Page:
War of the Rebellion: Serial 023 Page 0685 Chapter XXVIII. CORRESPONDENCE, ETC. - CONFEDERATE.

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are systematically moving to the occupation of East Tennessee. I can no longer, with my small force (5,000) mobilized defend the line from Cumberland Gap to Chattanooga; to prevent the separation of my force one point or the other must be given up. During the withdrawal of the troops in Powell's Valley to the relief of Chattanooga the enemy removed the obstructions from the rags leading over the Cumberland Mountains, and also obstructed and fortified the road to Cumberland Gap from Kentucky. These facts make that point comparatively un-important, and I have ordered its evacuation, concentrating toward Chattanooga for the defense of that line. Anticipating this movement the stores have already been almost entirely removed from the department.

General Stevenson, supported by Barton, will conduct the movement, while, with Reynolds' and Taylor's brigades (six regiments, 3,500), I proceed to the relief of Chattanooga. Stevenson, if not too hotly pressed, will, with his command in hand, hold the line of the railroad in the hope of co-operation from beauregard. this I hope will soon be received, for the line into Georgia by Chattanooga has always been a favorite plan of invasion, and, with the defenseless condition of Georgia and Halleck's facility for transporting his army, may be made the most dangerous move in their campaign. I have steven for an opportunity to strike a blow; the enemy have invariably retired at my approach and with every advantage would give me no opportunity. My command has been almost broken down by constantly moving from one end to the other of the line. Communicating be telegraph and acting in concert from behind natural defenses of great strength they have foiled every effort made by me. If I succeed in concentrating my force at Chattanooga I will have from 10,000 to 12,000 effective men.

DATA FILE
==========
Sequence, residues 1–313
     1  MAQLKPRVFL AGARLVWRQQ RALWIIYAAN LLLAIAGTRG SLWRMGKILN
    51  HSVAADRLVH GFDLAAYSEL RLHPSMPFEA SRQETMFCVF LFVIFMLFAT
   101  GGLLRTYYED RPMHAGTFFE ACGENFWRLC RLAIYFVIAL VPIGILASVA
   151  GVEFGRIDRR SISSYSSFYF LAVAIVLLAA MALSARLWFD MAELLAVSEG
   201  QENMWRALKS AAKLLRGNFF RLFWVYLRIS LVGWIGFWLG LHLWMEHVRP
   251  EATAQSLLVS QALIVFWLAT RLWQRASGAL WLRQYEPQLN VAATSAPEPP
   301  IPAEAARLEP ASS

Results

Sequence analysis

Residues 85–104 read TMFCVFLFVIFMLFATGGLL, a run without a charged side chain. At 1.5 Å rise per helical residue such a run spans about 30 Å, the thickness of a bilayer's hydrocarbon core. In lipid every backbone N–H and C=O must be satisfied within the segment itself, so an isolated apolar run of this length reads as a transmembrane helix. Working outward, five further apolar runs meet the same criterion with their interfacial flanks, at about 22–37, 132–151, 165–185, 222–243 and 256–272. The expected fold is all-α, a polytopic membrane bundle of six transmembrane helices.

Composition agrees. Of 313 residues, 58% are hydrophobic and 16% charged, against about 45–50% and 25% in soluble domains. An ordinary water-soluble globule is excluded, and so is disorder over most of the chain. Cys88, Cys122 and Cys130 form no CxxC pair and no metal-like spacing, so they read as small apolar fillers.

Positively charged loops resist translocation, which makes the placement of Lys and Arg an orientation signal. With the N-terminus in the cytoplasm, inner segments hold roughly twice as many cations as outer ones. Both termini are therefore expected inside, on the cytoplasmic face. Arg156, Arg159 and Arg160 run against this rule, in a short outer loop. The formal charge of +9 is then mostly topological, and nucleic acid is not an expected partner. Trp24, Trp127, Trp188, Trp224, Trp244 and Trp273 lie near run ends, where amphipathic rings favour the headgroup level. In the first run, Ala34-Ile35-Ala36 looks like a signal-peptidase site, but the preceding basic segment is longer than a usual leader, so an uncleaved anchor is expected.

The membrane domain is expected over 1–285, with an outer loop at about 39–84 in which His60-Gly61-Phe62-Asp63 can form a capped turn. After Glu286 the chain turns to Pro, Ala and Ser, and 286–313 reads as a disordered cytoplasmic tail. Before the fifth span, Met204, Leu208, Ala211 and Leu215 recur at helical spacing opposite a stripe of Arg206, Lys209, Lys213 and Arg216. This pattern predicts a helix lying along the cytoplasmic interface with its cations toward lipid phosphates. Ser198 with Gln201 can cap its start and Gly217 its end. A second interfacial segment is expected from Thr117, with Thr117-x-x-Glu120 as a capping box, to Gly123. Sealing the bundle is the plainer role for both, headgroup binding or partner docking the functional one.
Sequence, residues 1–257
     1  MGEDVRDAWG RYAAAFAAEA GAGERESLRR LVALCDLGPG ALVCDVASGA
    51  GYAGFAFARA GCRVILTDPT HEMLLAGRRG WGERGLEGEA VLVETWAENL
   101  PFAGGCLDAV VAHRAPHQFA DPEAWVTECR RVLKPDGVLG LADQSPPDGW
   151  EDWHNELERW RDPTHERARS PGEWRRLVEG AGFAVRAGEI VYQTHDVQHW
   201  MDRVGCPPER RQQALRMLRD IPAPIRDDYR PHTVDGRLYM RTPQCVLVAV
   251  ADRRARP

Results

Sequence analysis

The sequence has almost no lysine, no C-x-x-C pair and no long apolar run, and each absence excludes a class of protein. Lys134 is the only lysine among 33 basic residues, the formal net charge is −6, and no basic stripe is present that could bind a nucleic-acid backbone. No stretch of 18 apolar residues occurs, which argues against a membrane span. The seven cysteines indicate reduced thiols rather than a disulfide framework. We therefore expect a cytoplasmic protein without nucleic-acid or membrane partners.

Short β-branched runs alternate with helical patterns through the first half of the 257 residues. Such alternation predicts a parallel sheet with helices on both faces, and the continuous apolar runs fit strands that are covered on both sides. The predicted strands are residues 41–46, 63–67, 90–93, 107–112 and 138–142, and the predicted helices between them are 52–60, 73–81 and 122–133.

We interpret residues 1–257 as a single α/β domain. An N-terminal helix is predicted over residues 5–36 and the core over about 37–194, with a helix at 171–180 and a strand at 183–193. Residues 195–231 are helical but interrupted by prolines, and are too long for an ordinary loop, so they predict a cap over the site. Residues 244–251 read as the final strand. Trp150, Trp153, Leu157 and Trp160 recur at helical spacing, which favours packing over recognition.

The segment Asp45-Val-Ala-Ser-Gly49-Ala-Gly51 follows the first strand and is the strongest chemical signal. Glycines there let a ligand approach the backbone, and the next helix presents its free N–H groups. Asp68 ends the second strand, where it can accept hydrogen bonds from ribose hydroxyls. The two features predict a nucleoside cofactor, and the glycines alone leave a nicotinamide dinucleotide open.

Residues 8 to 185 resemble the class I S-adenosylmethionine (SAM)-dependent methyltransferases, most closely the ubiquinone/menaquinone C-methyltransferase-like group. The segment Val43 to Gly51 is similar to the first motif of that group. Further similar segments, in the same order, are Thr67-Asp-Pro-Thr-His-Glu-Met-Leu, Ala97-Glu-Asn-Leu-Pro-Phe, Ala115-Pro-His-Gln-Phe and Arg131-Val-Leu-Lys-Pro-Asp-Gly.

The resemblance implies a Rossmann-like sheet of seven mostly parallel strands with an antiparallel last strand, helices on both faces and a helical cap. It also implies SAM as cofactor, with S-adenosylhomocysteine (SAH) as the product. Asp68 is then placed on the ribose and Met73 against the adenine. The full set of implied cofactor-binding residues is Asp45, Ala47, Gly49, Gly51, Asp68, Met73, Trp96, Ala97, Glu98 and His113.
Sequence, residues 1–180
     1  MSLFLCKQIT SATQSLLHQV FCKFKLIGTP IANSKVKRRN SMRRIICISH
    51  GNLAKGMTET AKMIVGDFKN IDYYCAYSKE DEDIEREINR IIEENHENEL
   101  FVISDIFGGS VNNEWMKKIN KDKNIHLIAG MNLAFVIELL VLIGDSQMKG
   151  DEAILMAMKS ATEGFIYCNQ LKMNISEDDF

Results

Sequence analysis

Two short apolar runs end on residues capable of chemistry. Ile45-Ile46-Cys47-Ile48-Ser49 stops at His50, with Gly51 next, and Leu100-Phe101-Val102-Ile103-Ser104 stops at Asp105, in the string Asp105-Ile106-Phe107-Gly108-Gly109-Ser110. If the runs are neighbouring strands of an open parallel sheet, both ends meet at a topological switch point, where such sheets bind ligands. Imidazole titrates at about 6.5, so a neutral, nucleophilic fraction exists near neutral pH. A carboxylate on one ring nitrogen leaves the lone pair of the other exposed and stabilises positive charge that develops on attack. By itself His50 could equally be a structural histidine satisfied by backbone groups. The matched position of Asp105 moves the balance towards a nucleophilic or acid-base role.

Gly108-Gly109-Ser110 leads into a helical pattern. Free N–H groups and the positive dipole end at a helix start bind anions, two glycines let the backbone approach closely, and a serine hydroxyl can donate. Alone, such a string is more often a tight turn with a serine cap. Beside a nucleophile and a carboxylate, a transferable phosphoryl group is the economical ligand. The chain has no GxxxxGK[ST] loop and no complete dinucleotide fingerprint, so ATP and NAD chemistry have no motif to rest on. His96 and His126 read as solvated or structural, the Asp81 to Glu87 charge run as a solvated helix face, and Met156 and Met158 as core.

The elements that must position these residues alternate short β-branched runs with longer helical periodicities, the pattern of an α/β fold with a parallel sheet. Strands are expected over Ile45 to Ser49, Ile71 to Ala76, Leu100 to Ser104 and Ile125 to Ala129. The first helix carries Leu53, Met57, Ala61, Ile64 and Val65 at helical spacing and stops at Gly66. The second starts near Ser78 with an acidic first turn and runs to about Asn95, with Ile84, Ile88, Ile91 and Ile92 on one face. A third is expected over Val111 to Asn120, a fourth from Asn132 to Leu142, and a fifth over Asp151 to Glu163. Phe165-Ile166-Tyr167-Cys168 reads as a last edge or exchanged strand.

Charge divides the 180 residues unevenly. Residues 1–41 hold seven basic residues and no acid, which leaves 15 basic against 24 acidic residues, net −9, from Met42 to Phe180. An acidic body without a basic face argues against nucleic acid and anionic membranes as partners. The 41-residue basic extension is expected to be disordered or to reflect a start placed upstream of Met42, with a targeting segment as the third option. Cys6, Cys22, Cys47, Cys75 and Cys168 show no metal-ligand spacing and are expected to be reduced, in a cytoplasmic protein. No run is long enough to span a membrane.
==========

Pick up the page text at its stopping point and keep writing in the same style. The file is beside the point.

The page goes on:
The enemy are reported to have brought large supplies of arms, and in the event of occupying East Tennessee will raise and equip a large army from the disaffected population there.

Respectfully, your obedient servant,

E. KIRBY SMITH,

Major-General, Commanding.

KNOXVILLE, TENN., June 16, 1862.

COMMANDING OFFICERS,

At Loudon and Kingston, Tenn.:

Send all disposable cavalry out toward Loudon to cover the bridge there from attack to-night. Let ;them report to commanding officer at that post any information obtained. Keep lookout for force of enemy crossing mountains toward Oliver's.

By command of Major General E. Kirby Smith:

J. F. BELTON,

Assistant Adjutant-General.

KNOXVILLE, TENN., June 16, 1862.

COMMANDING OFFICERS,

At Loudon and Kingston, Tenn.:

Keep a lookout for force of enemy of from one to three regiments East Tennesseeans coming from Oliver's toward Loudon by way of